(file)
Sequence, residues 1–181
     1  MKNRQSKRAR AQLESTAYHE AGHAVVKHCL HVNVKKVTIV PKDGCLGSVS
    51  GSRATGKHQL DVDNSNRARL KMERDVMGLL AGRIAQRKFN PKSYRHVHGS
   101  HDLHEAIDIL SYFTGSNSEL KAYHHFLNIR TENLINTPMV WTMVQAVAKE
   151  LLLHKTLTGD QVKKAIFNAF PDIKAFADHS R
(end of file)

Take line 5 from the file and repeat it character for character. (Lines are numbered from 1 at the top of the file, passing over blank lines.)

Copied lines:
   151  LLLHKTLTGD QVKKAIFNAF PDIKAFADHS R